Beefy Rover Looks Like Tons Of Fun


[Eric] and the crew over at The Tech Junkies, just put the finishing touches on a pretty powerful robot that they call “Mantis”.

The six wheel, chain-driven robot is pretty impressive at first glance. The robot is centered around a Netduino, which controls four 60 amp speed controllers. The speed controllers are tasked with driving four beefy CIM motors, which propel the robot along at a pretty decent tick.

For the project, the team designed their own controller application called IPGamepad, which allows the robot to be controlled by any Android device. The interface is pretty simple as you can see in the video below, making it quite easy to control the bot.

While the Mantis was not a cheap production by any means, it does look like a ton of fun to drive. The crew will be taking this robot along with 2 others out to Maker Faire Detroit, so be sure to swing by and say hello if you’re in the area.


11 thoughts on “Beefy Rover Looks Like Tons Of Fun

  1. Wonder how much the paired motors fight each other on that chain, if at all?

    Looks like with this design you could get away with half the motors and half the controllers if you really wanted to.

  2. “While the Mantis was not a cheap production by any means,” I’m new, I guess.. Maybe some of you experts could point out to me what’s so expensive on this thing to classify it as not a cheap production by any means? I’ve seen a ton of rc custom built vehicles – rovers, remote rcon devices, etc.. I don’t see anything (no offense to those who created it, anyone who builds something that works deserves respsct for sure!) on this to justify use of those words. Maybe you guys just know those are (what are?) uber expensive parts, but if so, tell us in the description, cuz all I see is a 6-wheel drive tank-style controled rc vehicle. Yeah, it’s powered by netdurino and an android phone (which is slick), but I could wire that up to the M1 RC tank in my garage (which also would be cool). Again, I’m not slamming the project, it is cool, but I don’t get the expense comment by the original poster. Splain it to us :)

  3. @exit151, good question. I said that it was not cheap for two reasons:

    1) I have been criticized in the past for calling something “relatively cheap”, so I wasn’t going there again. :)

    2) I added up the costs as listed on his page and the price came in at $740. This is assuming that the wireless router and battery were in the middle of the stated price range, $40 and $150 respectively. If you assume the highest price for all components, the cost is over $800.

    That price only covers the control system and does not include the motors, wheels, chassis, etc. I would guess that the total cost of the rover was easily over $1000, if not near $1200.

    That said, what exactly is “expensive”? Caleb and I had a heated discussion about the price difference between the middle of the road MacBook Pro and the new Lenovo laptop I purchased. I got a laptop with far more bells and whistles, not to mention processing power and memory for less than a comparable MB Pro would have cost. Thus, I declared that the MB Pro was “overpriced” and “too expensive”.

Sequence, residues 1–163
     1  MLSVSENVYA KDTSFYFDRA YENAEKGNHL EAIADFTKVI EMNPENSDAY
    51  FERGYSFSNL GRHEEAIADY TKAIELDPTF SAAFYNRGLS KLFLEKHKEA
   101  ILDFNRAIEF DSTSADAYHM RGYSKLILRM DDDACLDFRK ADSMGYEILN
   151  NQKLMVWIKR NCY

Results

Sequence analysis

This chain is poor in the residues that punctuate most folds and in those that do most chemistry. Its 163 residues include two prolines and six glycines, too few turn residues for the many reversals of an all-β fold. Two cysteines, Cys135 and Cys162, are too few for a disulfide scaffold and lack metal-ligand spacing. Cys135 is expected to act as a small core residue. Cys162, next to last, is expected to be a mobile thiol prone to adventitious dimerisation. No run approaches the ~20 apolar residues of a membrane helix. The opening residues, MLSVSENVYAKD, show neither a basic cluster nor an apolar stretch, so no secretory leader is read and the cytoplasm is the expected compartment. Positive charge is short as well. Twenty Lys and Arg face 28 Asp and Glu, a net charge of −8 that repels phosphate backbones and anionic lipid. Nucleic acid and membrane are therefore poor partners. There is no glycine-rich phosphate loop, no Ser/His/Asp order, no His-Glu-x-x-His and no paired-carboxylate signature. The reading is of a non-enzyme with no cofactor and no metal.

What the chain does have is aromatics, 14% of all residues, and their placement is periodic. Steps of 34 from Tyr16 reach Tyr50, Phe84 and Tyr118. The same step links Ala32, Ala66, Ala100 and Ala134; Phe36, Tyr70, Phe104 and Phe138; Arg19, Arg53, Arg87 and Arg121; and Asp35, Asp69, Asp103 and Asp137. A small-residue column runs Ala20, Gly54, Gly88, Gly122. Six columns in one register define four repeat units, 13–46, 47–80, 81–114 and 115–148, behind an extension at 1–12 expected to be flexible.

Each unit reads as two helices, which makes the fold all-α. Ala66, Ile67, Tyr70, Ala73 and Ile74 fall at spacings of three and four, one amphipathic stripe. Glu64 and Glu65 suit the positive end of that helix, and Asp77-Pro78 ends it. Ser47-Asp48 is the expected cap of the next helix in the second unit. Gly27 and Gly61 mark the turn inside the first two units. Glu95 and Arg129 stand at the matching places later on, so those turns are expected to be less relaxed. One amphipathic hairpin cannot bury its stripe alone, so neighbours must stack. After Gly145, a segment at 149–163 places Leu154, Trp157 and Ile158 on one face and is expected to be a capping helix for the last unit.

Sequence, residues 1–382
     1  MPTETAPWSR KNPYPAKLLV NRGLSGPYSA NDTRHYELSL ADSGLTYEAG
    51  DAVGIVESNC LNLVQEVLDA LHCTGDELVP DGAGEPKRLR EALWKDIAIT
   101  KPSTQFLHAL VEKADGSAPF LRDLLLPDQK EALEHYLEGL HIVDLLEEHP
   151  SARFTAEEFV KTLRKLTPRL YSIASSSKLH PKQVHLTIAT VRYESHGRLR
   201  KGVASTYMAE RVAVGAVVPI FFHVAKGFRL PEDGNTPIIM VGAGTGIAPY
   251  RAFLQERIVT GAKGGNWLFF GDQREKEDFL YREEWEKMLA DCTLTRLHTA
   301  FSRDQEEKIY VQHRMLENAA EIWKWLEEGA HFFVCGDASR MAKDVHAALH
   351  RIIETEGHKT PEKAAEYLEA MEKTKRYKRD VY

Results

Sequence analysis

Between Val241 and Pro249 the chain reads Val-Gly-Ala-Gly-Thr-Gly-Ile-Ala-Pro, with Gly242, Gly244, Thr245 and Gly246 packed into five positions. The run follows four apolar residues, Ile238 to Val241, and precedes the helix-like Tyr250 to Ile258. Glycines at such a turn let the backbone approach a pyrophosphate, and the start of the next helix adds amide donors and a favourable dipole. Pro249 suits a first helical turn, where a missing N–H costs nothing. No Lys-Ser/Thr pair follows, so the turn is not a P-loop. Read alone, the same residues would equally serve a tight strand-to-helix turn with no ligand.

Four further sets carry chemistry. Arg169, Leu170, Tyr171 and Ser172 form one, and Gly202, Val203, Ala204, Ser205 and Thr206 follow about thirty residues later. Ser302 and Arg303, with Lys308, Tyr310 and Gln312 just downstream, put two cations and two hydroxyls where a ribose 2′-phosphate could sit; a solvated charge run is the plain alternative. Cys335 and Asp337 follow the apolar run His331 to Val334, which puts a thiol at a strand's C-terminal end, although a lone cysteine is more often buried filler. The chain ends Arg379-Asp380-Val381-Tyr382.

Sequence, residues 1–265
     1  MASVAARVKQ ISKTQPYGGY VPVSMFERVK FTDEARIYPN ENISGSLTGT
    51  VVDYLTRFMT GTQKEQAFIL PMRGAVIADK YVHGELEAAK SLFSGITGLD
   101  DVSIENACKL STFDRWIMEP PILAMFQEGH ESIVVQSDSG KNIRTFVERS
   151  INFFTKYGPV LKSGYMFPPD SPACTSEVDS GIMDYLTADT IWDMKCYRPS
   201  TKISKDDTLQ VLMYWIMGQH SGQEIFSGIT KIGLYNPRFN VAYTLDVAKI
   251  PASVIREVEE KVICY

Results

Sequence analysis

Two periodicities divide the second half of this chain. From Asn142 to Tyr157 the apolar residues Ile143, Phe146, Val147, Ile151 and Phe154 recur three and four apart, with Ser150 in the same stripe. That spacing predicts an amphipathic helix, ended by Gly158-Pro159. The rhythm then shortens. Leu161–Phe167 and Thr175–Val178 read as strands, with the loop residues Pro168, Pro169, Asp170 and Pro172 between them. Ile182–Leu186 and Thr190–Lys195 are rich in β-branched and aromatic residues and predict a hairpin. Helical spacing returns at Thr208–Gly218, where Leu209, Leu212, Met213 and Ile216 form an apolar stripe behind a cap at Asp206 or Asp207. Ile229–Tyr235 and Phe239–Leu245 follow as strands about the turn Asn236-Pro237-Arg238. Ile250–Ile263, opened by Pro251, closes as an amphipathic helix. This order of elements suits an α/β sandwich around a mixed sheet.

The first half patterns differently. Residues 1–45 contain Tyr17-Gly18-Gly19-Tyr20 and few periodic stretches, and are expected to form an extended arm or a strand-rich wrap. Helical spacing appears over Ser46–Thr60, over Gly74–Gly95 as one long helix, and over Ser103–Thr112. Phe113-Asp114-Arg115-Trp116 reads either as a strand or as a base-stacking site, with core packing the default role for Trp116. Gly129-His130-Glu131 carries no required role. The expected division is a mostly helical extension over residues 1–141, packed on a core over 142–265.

Long story short, applying those terms is subjective, and are merely a matter of opinion. To some people, the cost of the MacBook is insane – to others it is reasonable, based on the OS/aluminum body/etc. For me, it is too expensive, and Caleb agreed – though that is our opinion.

    The same goes for this rover. Building RC cars is not my hobby, so spending $1200 on a rover seems expensive to me. To Eric and the other Tech Junkies, it is clearly a reasonably-priced project. I would not think twice about buying camera gear/computer gear/car accessories/AV equipment in that price range, but they might consider those purchases expensive.

    So, to sum up my rambling, it is really a matter of opinion that this is an expensive project. Some might agree with me, and others may disagree.

  4. @exit151 and @Mike Nathan:

    I definitely agree…it’s completely subjective. We were lucky enough to get the speed controllers and some of the other components donated to us from a FIRST team that had them laying around as they could no longer be used for competition.

    I mention that for a smaller robot you can use much cheaper speed controllers or even $10 servos that are modified to be continuous rotation. It’s all about scalability. We really wanted to make a control system that could be adapted to any budget/robot size. In the video we have the small little robot that is also powered by the control system and costs less than $150 with that particular configuration.

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